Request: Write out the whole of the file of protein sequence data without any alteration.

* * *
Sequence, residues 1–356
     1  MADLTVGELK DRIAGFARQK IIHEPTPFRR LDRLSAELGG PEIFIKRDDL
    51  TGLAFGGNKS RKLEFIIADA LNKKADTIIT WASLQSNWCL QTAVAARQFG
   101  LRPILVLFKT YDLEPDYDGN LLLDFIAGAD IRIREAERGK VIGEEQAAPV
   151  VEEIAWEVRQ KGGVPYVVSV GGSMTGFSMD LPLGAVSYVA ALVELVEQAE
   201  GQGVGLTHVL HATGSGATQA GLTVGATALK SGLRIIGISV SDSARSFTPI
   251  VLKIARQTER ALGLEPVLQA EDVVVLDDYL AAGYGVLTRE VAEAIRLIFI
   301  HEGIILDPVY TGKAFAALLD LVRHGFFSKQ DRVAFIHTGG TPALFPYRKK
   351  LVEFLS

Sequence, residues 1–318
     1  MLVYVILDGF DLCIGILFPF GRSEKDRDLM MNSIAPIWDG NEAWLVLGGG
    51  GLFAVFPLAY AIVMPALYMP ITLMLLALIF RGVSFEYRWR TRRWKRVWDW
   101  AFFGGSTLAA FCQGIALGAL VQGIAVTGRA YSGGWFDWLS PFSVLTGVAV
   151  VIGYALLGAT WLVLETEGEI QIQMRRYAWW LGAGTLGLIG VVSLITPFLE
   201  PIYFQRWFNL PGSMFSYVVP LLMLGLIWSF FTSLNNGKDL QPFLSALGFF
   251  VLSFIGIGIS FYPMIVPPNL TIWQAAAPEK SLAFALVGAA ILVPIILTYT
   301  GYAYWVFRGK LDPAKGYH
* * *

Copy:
Sequence, residues 1–356
     1  MADLTVGELK DRIAGFARQK IIHEPTPFRR LDRLSAELGG PEIFIKRDDL
    51  TGLAFGGNKS RKLEFIIADA LNKKADTIIT WASLQSNWCL QTAVAARQFG
   101  LRPILVLFKT YDLEPDYDGN LLLDFIAGAD IRIREAERGK VIGEEQAAPV
   151  VEEIAWEVRQ KGGVPYVVSV GGSMTGFSMD LPLGAVSYVA ALVELVEQAE
   201  GQGVGLTHVL HATGSGATQA GLTVGATALK SGLRIIGISV SDSARSFTPI
   251  VLKIARQTER ALGLEPVLQA EDVVVLDDYL AAGYGVLTRE VAEAIRLIFI
   301  HEGIILDPVY TGKAFAALLD LVRHGFFSKQ DRVAFIHTGG TPALFPYRKK
   351  LVEFLS

Sequence, residues 1–318
     1  MLVYVILDGF DLCIGILFPF GRSEKDRDLM MNSIAPIWDG NEAWLVLGGG
    51  GLFAVFPLAY AIVMPALYMP ITLMLLALIF RGVSFEYRWR TRRWKRVWDW
   101  AFFGGSTLAA FCQGIALGAL VQGIAVTGRA YSGGWFDWLS PFSVLTGVAV
   151  VIGYALLGAT WLVLETEGEI QIQMRRYAWW LGAGTLGLIG VVSLITPFLE
   201  PIYFQRWFNL PGSMFSYVVP LLMLGLIWSF FTSLNNGKDL QPFLSALGFF
   251  VLSFIGIGIS FYPMIVPPNL TIWQAAAPEK SLAFALVGAA ILVPIILTYT
   301  GYAYWVFRGK LDPAKGYH